You’ve found a company that you want to work for, pitched someone in the marketing department, followed up at least three times and all you hear is crickets. What do you do next? Do you just take it as a sign that it wasn’t meant to be – and move on – or do you cold pitch someone else in the company?

Most times you should move on because there’s plenty of prospects out there that will reply and your time’s better spent focusing on them.

But occasionally, you can try your luck cold-pitching someone else in the organisation. This sometimes works, especially if the person you pitched was the wrong person, doesn’t care about content marketing or is too busy to respond.

That’s precisely what I did: after a failed first pitch and several follow-ups, my gut told me to target someone else in the company. Here’s the entire exchange: the first pitch, final follow-up, and email to another decision maker.

My First Pitch (That Failed)

I pitched the marketing director of the company on the 23rd of August 2017:

For those on mobile it reads:

Hi [insert name],

I’m Tolu Ajiboye, a freelance health writer. I’m reaching out to see if you have any content needs at [insert company name] I can help with.

I currently create health/medical content for [insert clients’ name]. My work has also appeared in publications like The Guardian UK, The Huffington Post, Fox News and The Entrepreneur.

I have experience writing about seniors’ health as I contribute to Alive65 and Lifetime Daily- both being publications focused on the health and well-being of senior citizens. I also have experience writing about conditions like Alzheimers, diabetes, heart disease, cancer and COPD as I’ve written white papers on them in the past.

I can write case studies and guides as a marketing strategy. I can also help create informative articles, reports, brochures and other forms of marketing content.

Here are links to samples of my writing:

[insert link]

[insert link]

[insert link]

Looking forward to your response.

Thanks,

Tolu Ajiboye.

Three days later I had still heard nothing, so I decided to use the 3-7-7 formula for following up.

My Follow-Ups Using the 3-7-7 Formula

The 3-7-7 formula is one created by Bamidele Onibalusi. It’s when you send a follow up exactly three days after the initial pitch, then a second one seven days after the first follow up, and a third one seven days after the second follow up (‘Days’ here excludes weekends).

I got no reply after the first two follow-ups and sent one final follow-up on the 12th of September.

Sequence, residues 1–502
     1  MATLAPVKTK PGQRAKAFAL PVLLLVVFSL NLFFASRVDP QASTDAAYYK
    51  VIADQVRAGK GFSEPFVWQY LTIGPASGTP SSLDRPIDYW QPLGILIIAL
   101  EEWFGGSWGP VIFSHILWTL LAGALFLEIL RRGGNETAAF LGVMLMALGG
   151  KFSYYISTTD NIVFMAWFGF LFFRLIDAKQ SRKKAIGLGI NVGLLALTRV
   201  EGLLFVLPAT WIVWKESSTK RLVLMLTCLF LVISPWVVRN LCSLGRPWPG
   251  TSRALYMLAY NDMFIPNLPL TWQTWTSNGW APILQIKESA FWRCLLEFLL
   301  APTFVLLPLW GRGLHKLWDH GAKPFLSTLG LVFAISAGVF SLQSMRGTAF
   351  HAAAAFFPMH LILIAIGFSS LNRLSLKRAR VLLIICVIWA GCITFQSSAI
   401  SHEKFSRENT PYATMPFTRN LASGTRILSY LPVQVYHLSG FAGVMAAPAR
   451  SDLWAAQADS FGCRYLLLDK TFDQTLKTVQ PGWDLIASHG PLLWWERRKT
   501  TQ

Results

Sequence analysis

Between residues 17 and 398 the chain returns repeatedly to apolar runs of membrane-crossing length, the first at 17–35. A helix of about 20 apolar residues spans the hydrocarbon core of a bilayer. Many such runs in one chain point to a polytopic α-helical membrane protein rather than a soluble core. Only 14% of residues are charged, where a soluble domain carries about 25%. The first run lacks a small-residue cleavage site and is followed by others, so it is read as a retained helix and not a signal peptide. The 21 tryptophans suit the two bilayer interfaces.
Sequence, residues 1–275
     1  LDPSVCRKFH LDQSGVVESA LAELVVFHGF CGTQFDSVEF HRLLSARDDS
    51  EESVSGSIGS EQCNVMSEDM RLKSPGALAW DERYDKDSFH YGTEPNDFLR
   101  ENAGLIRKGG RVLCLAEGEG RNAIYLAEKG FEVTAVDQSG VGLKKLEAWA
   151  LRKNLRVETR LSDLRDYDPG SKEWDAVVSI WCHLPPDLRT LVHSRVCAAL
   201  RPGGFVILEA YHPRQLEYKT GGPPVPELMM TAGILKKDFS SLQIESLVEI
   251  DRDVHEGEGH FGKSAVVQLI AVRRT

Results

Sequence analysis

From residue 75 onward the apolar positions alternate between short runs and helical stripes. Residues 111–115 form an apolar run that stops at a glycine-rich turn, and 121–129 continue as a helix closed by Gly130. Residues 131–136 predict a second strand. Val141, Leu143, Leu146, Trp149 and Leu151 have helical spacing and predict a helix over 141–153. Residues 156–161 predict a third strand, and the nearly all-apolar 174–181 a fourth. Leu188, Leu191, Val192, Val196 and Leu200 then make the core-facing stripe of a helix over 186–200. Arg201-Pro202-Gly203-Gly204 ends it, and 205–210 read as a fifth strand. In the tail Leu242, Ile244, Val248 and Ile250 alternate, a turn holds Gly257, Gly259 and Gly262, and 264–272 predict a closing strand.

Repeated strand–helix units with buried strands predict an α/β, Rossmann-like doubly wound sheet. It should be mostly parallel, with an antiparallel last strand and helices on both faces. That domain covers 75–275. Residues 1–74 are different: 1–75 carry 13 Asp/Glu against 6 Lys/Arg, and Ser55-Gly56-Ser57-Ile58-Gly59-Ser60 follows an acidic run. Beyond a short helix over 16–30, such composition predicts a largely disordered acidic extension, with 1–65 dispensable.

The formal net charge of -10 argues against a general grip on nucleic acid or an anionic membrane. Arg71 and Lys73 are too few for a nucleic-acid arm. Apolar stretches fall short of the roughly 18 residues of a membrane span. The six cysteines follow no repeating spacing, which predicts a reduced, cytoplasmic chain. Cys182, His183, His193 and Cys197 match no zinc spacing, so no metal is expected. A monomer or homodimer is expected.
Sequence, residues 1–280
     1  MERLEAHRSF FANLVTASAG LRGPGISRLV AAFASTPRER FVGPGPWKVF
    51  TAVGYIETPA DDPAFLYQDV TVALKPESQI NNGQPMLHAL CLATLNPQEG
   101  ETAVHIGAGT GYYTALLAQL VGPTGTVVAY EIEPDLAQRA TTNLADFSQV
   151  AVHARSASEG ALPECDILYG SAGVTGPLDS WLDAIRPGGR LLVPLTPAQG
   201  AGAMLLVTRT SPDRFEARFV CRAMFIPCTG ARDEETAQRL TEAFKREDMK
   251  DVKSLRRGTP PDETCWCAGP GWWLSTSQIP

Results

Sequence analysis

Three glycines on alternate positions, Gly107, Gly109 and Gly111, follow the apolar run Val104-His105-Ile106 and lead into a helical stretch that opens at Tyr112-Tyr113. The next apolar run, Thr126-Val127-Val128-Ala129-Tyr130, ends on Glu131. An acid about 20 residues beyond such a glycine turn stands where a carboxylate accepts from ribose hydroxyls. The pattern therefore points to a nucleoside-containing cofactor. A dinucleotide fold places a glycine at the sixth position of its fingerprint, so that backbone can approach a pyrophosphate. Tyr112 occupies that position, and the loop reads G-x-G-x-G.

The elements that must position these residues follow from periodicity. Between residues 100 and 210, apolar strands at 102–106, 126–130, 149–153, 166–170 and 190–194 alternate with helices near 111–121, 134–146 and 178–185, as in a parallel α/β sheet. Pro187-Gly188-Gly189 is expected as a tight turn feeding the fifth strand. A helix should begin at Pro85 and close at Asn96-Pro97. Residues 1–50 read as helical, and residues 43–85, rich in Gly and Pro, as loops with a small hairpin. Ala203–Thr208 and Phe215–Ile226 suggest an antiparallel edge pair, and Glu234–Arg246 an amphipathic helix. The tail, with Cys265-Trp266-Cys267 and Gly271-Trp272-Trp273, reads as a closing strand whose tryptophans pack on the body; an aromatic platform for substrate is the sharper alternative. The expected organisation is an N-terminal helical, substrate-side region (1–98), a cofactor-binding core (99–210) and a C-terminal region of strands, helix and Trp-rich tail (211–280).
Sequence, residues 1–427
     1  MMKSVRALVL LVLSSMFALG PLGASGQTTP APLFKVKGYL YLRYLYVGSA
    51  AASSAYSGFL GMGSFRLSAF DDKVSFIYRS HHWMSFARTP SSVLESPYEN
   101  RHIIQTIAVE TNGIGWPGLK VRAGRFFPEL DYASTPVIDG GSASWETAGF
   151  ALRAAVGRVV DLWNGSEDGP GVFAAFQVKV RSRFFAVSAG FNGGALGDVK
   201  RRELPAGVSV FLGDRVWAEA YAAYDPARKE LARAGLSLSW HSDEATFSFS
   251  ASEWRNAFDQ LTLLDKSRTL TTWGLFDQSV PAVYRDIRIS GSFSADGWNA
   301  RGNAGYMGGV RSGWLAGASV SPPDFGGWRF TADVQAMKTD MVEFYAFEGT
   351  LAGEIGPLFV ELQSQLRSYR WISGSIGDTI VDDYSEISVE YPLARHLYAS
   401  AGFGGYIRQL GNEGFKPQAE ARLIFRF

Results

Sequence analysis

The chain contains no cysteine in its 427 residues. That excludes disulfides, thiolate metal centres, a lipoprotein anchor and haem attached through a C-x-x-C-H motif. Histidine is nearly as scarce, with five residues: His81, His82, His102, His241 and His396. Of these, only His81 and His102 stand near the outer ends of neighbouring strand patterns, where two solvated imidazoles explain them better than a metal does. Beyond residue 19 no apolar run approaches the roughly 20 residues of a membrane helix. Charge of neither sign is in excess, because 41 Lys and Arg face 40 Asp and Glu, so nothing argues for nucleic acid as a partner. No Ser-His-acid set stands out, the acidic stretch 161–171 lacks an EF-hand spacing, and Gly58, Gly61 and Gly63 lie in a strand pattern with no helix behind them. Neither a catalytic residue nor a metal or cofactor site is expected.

I waited but still, no response. Most times I wouldn’t think much of it, and just move on. But this time I decided to take a different approach.

The Cold Pitch That Landed The Gig

I decided to pitch the CEO. Why? I just felt like I should; it was a hunch.

I also knew there was a good chance that he’d be concerned with issues like the content strategy of the company because it’s a medium-sized one. And so, I sent the same cold pitch I used initially.

Guess what? I didn’t get a response from the CEO either. At least not directly. He forwarded my mail to the Chief Marketing Officer, asking, “What do you think of this?”.

Shortly after that, I got an email from the CMO:

And before I knew it we had arranged a phone call for that exact day. Things moved fast: We had a conversation about their content needs, decided that I would do a fully paid test run article for their blog, and a few days later I submitted that article.

The results? They loved it.

We eventually agreed to a deal of $3500 for ten 800-word ghostwritten articles. The Chief Marketing Officer also agreed to my usual stipulation of 50% upfront.

And just like that, I had a client all thanks to pitching someone else in the company. And to think what would have happened if I didn’t?

Of course, this approach is the exception to the rule. Use it sparingly, with the following in mind:

1) Don’t cold pitch two people at the same time. You’ll most likely be sending the same or very similar emails. If either of them finds out about the other, it may make you seem ‘spammy’.

2) Let some time pass between your pitch and follow-ups with the first person before moving on to the second person. Ideally, a couple of weeks in between. This is to give the first person some leeway for perhaps a late response.

3) Don’t cold pitch more than two people in the same organisation. This is not a hard and fast rule and, to be fair, you can pitch as many as you are comfortable with, but keep in mind that you don’t want to be seen as desperate or annoying. If nothing positive comes after pitching two different people, it’s safe for you to move on.

4) This shouldn’t be something you do all the time, as you may find yourself being unnecessarily fixated on companies needlessly when you could be casting your net wider.

5) Know when to pitch someone on a higher level or lower level than your initial recipient. For huge corporations, there’s a chance that the person you sent the cold pitch to is too busy and will likely not have seen your email or isn’t concerned with the content aspect of the company.

For example, if you pitched the VP of Marketing for a company with over 10,000 employees, chances are he/she may not have responded because it wasn’t directly related to her work.

They’ll likely have a marketing director/content director who’s solely tasked with overseeing content efforts. In that situation, it’s appropriate to send your second pitch to them. For a small to medium-sized company, you may go ahead to pitch the CEO, after you’ve pitched a less senior employee even.

Now, I’d love to hear from you. Have you ever pitched more than one person at the same company? What was your experience?

Tolu AjiboyeI’m Tolu Ajiboye, a freelance writer with a passion for all things health, wellness and human welfare. Visit my site: TheHealthandBeautyWriter

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